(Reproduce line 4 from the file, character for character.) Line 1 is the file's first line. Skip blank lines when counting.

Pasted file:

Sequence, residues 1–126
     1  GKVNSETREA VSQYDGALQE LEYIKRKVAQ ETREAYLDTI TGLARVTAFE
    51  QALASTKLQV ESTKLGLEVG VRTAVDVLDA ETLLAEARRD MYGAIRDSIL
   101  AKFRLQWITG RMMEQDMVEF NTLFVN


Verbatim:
   101  AKFRLQWITG RMMEQDMVEF NTLFVN